Langley bus routes booming

TransLink numbers show some routes had up to 2.7 million riders a year.

One of Langley’s fastest-growing bus routes passed the million-rider-per-year mark in 2016, according to TransLink’s Transit Service Performance Review.

The 555 is the express route that runs from the Carvolth transit hub in Willoughby down the Trans Canada Highway to connect with SkyTrain Service.

In 2016, the bus carried 1,068,000 passengers, up from 868,000 in 2015 and just 565,000 in 2013, its first year in operation.

That growth is part of the rapid expansion in ridership in the South of the Fraser region, including Langley. Boardings in the South of the Fraser area, including the Langleys, Surrey, White Rock, and Delta, were up 10 per cent, or 3.7 million rides more than in 2015.

“Overall, the ridership growth across the region is astoundingly high, especially compared to our peers,” said Daniel Freeman, the manager of transit network management at TransLink.

They compared transit growth in Metro Vancouver to other major North American cities. In some cities, transit use is actually declining.

Freeman pointed to other local bus lines that have had high use numbers, like the 502 route that runs from downtown Langley City to and from Surrey Centre.

“It’s a precursor to a B-Line,” Freeman said. The 502 carried 2.7 million riders in 2016, and the B-Line, approved in November but not in service yet, is intended to offer faster service. At present, its average speed is just 25.5 kilometres per hour.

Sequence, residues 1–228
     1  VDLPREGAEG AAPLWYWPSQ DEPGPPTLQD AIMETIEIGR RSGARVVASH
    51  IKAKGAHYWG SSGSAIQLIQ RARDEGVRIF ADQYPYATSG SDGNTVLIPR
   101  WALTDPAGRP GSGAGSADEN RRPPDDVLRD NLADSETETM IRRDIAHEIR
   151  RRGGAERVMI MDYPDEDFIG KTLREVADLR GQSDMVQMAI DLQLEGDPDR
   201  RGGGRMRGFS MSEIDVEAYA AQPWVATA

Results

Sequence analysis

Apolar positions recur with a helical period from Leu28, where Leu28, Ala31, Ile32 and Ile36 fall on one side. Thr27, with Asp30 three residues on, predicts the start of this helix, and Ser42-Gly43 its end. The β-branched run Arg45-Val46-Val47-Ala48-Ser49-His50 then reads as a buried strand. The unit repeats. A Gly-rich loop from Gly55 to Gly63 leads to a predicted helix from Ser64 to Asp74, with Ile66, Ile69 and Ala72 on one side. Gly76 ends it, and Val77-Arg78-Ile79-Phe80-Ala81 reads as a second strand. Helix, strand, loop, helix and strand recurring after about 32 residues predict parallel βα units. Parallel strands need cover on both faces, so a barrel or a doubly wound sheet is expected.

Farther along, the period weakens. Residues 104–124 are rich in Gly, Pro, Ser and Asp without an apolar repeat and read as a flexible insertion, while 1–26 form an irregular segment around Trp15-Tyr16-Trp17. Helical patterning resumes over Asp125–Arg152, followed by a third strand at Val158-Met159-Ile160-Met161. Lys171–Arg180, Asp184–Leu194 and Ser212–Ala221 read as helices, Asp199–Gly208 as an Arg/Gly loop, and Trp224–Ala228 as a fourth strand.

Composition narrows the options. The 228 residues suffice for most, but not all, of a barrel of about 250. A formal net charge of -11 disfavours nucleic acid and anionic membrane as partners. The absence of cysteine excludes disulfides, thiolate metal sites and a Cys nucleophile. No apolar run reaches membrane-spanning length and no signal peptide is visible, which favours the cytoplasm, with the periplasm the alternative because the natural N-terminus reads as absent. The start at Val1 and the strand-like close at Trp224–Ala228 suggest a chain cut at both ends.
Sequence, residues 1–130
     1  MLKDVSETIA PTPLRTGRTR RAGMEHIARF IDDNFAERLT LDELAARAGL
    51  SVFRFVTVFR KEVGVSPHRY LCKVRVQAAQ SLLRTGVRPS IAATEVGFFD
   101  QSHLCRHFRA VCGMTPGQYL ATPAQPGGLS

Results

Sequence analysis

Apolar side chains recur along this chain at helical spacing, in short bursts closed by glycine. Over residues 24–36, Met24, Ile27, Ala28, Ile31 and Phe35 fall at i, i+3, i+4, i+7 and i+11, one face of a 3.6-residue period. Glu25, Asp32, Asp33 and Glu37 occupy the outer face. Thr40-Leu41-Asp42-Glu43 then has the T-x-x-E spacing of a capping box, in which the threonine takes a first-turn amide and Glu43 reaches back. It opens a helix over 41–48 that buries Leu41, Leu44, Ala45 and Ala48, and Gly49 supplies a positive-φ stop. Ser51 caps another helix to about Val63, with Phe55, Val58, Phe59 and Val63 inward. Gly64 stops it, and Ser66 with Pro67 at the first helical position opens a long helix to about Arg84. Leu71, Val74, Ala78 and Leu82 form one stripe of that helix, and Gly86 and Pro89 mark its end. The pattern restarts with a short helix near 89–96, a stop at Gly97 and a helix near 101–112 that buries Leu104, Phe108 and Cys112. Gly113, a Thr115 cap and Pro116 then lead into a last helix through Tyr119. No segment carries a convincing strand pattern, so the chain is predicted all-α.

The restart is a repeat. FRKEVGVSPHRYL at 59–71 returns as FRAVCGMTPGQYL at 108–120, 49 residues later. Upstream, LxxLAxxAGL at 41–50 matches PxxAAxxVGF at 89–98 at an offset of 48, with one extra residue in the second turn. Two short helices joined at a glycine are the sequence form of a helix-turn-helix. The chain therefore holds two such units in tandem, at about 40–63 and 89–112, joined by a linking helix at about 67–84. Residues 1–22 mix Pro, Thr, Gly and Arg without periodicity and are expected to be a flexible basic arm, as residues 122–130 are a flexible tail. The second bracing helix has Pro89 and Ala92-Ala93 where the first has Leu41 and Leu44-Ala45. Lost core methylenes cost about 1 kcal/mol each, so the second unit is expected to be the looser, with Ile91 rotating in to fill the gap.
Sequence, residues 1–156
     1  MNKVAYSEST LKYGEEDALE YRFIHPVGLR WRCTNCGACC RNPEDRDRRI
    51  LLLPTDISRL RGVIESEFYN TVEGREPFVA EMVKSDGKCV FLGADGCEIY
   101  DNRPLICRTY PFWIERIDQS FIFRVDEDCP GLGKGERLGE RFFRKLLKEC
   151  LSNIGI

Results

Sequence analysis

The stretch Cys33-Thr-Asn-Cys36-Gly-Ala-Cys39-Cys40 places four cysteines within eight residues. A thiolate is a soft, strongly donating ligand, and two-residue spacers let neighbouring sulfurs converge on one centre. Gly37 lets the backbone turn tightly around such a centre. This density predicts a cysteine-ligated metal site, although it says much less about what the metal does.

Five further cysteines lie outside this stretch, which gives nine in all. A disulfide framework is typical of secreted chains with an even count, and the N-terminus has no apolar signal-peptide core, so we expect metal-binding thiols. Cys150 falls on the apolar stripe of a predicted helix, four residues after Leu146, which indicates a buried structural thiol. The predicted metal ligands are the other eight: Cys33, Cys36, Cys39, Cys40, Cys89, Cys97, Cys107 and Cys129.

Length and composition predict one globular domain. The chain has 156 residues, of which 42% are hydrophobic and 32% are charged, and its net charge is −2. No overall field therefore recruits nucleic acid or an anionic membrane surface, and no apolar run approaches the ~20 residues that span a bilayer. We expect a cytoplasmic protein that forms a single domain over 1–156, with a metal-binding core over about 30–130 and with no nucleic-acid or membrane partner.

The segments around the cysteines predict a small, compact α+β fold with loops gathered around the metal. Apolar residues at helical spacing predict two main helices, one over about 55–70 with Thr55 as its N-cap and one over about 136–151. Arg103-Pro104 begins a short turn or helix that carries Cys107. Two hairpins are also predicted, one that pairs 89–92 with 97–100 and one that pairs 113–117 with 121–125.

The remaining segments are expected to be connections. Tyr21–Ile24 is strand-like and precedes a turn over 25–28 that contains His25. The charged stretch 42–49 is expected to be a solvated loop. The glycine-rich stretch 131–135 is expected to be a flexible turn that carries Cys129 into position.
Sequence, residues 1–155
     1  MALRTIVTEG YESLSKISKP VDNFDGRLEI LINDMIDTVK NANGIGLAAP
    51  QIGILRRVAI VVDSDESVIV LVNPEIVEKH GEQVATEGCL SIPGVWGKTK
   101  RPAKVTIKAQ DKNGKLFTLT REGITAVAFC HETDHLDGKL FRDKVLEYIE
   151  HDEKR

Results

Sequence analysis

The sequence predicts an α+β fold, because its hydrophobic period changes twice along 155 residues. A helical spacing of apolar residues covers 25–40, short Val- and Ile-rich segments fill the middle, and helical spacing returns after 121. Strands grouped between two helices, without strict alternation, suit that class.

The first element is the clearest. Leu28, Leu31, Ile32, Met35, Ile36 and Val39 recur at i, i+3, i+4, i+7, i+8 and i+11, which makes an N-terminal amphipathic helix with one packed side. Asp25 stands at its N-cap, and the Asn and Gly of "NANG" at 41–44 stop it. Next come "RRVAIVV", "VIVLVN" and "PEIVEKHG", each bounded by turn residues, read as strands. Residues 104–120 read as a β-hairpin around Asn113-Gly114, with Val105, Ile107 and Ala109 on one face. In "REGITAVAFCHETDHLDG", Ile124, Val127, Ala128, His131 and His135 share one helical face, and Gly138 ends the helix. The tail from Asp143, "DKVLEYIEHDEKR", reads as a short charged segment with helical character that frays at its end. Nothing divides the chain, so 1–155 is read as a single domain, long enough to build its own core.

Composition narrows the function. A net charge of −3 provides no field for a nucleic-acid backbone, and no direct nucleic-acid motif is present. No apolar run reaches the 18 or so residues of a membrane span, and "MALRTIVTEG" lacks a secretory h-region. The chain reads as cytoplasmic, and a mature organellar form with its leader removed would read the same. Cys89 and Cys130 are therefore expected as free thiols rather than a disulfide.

With the approval of Phase One of the Mayors’ Council’s transit expansion plan in November, there will be a 10 per cent increase in bus services in the region. The increase will boost bus capacity 15 per cent South of the Fraser.

Some routes have already seen improvements, such as the 555 from Carvolth and the change to the 595 route that sends it up and down 208th Street through Willoughby.

Freeman said one thing that is shown by the study is that municipalities are doing the right things when it comes to development, building neighbourhoods that are transit accessible.

Some of Langley’s new neighbourhoods, such as Willoughby, have been designed around transit. However, the actual buses have been slow to arrive, as governments wrangled over transit funding and a referendum on a Metro Vancouver sales tax increase failed.

Most of the planned new capacity increase will be on existing routes, but Freeman said a route from East Clayton to Langley Centre will be added this September as well.

High-use routes like the 555 are cheaper for TransLink to run. It cost just $1.21 per rider to operate the 555 in 2016 for example. Because service was unchanged from 2015, that meant the cost per rider dropped from $1.49. Cost per rider has dropped ever since 2013, when it was $2.11.

The 502 cost $1.57 per rider in 2016, down from $1.62 the year before.

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